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E.P., C.W., F.K. performed experiments; H.D. and M.R. designed research; E.P., C.W., F.K., H.D., M.R. analyzed data; B.P. built the experimental setup; W.S. provided custom reagents; E.P., C.W., H.D. prepared figures, H.D. wrote the paper; M.R. and W.S. edited the paper. This work was supported by a European Research Council Starting Grant to H.D. (GA no 256270), the Deutsche Forschungsgemeinschaft (DFG) through the programs Collaborative Research Center SFB 863, Center for Integrated Protein Science Munich, and Nanosystems Initiative Munich. F.K. was supported by a stipend from CompInt of Elitenetzwerk Bayern. We thank Florian Praetorius and Johannes Stigler for technical support, and Michael Woodside, Felix Ritort, Ciro Cecconi, Zev Bryant, Thorsten Hugel, and Achillefs Kapanidis for discussions.
Bridging the gap: Rigid DNA linkers (blue, see picture) between microspheres (green) for high-resolution single-molecule mechanical experiments were constructed using DNA origami. The resulting DNA helical bundles greatly reduce the noise generated in studies of conformation changes using optical tweezers and were applied to study small DNA secondary structures.
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Single molecule mechanical techniques like AFM or optical tweezers provide insight into the conformational dynamics of macromolecules and allow reconstructing details of the free energy landscapes that direct such processes.1 Single-molecule mechanical assays have been successfully applied to analyze large conformational changes like the ones that occur in protein unfolding or in the motion of molecular motors. However, conformational transitions in many native proteins involve much smaller length changes, on the order of a nanometer or less.2 Conventional force spectroscopy at such fine resolution is affected by significant signal-to-noise limitations in the regime of low forces (less than 10 pN). Yet it is precisely the regime of low forces that deserves attention, because the functionally relevant conformational dynamics of proteins and other biological macromolecules are located here.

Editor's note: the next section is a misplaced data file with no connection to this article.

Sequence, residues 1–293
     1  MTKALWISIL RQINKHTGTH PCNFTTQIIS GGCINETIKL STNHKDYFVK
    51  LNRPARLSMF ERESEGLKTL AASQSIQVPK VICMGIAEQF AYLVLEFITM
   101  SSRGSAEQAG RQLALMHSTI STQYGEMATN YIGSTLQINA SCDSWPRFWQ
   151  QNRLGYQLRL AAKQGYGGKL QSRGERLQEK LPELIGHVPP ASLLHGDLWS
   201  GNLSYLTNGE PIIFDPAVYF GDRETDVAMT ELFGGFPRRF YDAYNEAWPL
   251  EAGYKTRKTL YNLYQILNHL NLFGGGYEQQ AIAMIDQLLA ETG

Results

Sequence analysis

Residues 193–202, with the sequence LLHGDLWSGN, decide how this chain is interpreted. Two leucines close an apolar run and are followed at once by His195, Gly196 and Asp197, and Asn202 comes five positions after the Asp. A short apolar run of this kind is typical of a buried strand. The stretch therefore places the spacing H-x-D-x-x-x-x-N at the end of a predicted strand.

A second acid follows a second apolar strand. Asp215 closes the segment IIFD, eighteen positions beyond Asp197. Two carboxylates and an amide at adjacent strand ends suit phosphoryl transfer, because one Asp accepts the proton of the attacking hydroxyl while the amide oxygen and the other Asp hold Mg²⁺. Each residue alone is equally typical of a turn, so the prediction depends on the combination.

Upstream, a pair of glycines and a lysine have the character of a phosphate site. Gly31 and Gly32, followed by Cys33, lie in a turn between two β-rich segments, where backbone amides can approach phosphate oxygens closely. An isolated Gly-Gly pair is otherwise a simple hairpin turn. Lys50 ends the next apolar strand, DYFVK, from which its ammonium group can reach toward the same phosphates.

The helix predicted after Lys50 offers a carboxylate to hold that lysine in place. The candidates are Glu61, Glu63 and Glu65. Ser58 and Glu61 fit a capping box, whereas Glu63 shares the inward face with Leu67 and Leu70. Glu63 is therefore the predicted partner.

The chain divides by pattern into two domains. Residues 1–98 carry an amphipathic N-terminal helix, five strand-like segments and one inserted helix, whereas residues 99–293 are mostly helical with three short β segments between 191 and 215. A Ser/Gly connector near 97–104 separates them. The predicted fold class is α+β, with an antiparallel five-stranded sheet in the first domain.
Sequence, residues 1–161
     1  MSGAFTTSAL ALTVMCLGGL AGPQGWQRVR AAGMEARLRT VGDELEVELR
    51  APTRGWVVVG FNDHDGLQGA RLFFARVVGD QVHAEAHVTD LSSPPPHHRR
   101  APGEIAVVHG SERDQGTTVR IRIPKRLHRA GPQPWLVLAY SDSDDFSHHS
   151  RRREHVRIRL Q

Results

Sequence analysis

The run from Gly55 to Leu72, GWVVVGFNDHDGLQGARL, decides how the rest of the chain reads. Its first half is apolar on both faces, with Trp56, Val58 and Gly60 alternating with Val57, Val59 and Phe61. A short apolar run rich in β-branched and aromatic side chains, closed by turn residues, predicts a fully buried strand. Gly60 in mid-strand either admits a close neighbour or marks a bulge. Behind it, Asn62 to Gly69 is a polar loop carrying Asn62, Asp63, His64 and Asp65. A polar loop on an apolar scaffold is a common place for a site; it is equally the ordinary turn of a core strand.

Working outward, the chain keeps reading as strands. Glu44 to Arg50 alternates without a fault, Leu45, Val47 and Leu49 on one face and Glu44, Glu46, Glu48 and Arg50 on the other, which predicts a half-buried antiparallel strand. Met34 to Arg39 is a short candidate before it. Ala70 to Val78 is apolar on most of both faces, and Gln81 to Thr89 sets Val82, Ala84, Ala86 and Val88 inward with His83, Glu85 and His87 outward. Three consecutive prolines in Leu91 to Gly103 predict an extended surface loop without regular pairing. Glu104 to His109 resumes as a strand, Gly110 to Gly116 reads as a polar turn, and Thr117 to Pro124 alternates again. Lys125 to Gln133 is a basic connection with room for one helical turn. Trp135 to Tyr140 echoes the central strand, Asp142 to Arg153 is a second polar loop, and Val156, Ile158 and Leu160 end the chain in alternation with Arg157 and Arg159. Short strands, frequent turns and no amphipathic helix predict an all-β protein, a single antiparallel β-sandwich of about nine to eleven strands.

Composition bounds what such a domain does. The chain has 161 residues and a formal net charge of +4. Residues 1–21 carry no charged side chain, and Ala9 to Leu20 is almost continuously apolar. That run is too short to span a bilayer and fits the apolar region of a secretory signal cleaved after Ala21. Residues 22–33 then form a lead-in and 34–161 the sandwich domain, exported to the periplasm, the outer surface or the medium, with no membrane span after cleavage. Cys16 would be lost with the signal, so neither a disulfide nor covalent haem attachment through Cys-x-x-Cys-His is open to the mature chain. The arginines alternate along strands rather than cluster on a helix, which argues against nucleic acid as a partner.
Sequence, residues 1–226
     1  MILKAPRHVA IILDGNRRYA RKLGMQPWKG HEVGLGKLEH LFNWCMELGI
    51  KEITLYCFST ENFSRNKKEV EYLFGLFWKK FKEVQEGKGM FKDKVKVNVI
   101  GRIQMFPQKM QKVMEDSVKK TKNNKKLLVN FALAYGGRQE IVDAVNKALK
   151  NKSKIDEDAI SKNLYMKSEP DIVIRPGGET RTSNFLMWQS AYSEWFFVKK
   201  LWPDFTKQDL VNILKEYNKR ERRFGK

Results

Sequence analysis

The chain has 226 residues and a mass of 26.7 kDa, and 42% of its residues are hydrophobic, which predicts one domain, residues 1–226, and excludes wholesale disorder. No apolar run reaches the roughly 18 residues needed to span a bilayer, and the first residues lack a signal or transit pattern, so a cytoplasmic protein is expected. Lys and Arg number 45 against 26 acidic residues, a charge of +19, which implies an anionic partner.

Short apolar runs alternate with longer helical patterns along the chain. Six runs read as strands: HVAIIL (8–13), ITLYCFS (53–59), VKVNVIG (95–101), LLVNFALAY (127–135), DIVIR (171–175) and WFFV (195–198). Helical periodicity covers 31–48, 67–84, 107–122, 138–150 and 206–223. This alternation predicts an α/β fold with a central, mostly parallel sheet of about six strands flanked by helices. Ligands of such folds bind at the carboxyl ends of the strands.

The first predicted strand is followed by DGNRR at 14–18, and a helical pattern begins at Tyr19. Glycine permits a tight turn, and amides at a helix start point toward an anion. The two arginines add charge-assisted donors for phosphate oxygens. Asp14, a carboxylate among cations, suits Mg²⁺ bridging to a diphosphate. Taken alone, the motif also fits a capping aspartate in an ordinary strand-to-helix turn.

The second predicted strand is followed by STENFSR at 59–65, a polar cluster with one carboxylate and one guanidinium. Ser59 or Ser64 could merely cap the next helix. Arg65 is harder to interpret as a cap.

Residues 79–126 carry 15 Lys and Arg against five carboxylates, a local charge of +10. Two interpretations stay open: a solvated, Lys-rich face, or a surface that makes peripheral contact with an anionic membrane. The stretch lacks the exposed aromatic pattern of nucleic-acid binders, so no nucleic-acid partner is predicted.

In a typical single-molecule mechanical assay, the molecule of interest is attached to a sensitive probe such as two micron-sized beads held in optical tweezers (Figure 1 A). To avoid non-specific interactions with the surface of the probe, the attachment of the molecule of interest to the probe typically occurs through molecular linkers such as double-stranded DNA (dsDNA).3 The mechanical stiffness of those linkers is critical for the signal-to-noise ratio of the measurement.4 This can be modeled through Monte Carlo simulations using the consideration that every degree of freedom in a thermodynamic ensemble has the energy kBT/2. For soft flexible linkers, thermal forces will drive the probe through large displacements, but stiff linkers clamp the probe and suppress unwanted noise (Figure 1 B,C).
Previously, noise suppression was achieved by taking advantage of the tensile stiffening of polymeric linkers upon stretching to high forces above 10 pN (Figure 1 C).5 Short (less than 50 nm) B-form DNA linkers were also tested for their ability to stiffen the connection between the beads,6 but the noise suppression was minor, presumably because of the unusual flexibility of short duplex DNA molecules7 and the flexibility of the DNA-bead attachment.8 Molecular self-assembly with DNA offers unique possibilities to create functional structures with user-defined shape and mechanical properties.9 Herein, we took advantage of this technique to establish rigid beam-like molecular linkers that enable the study of conformational transitions of single molecules with unprecedented resolution.